Mentioned on Twitter and expanded here: Dan Neil’s recent review of the Porsche Panamera GTS is decidedly mixed. The people posting comments at the WSJ (yes, I know, newspaper comment sections – where civility and intelligence go to die) don’t seem to get that, however. They’ll debate the relative merits of the Maserati Quattroporte, or argue about whether sedan and SUV brand extensions are appropriate strategy for a company known most for roadsters.
But they don’t address the fact that Neil is trolling Porsche fans and supercar drivers in general. That’s why he begins by casting the Panamera as the car in a modern-day remake of The Great Gatsby. The fact that Gatsby owns a Rolls Royce, he says, means something – that’s why Neil is so annoyed to see it swapped for a Duesenberg in the most recent movie. Gatsby had a Rolls Royce because buying one was a quick, vulgar, ostentatious status symbol in the Roaring 20s.
Look, we all might think it would be grand to live like Gatsby, but that’s not the point of the novel, and that fabulous car and those fabulous shirts don’t actually make Gatsby good or great.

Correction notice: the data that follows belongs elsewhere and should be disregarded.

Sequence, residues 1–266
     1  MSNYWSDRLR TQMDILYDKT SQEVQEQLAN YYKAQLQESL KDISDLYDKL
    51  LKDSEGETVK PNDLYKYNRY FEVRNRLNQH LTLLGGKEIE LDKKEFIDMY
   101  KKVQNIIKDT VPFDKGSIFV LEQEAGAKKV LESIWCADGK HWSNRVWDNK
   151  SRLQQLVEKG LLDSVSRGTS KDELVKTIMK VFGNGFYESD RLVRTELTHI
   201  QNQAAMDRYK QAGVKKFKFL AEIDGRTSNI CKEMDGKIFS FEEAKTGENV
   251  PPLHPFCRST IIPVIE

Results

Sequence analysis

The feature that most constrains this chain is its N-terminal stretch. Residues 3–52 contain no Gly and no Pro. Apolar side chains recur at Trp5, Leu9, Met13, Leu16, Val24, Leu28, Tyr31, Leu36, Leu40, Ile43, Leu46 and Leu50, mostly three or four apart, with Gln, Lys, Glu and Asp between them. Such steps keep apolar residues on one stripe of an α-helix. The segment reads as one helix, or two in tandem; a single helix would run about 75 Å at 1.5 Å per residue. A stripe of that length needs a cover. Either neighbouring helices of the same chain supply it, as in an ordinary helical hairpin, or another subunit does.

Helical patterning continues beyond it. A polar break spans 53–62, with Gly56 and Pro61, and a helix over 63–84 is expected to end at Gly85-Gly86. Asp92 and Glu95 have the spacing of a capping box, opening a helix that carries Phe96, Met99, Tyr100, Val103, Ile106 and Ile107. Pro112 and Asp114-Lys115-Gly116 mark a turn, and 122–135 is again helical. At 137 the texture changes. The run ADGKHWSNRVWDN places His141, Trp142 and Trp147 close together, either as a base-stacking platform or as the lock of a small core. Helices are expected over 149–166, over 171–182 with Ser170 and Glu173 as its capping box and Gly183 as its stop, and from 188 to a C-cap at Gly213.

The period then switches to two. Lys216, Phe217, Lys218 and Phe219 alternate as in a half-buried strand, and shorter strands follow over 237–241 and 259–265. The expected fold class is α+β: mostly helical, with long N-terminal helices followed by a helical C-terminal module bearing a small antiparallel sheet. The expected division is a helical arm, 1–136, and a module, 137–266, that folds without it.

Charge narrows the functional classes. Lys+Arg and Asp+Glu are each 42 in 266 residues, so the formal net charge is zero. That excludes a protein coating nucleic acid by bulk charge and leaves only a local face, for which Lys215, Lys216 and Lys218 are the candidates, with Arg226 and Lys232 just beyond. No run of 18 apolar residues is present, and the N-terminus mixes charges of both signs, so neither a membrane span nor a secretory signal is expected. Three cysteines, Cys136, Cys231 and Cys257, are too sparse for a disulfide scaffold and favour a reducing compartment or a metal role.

So, what does Fitzgerald’s novel have to do with a $150,000 sport sedan like the Panamera GTS? Dan Neil is a clever writer but not a subtle one, so he actually says it twice: Like Gatsby’s Rolls Royce, the Panamera GTS tells the world that you’re desperate for people to envy you, and that you’ve got more money than brains. It is, he says, the perfect car for the rich to drive while committing vehicular manslaughter.
That’s not a positive review. Sure, he loves the acceleration and the beautifully stitched leather interior, and he obviously enjoyed his afternoon in the driver’s seat, but he’s not willing to give an ounce of respect to anyone rich and vulgar and dumb enough to actually buy the damn thing.
One thought on “That was not a positive review”
Beautifully said, “not willing to give an ounce of respect to anyone rich and vulgar and dumb enough to actually buy the damn thing.”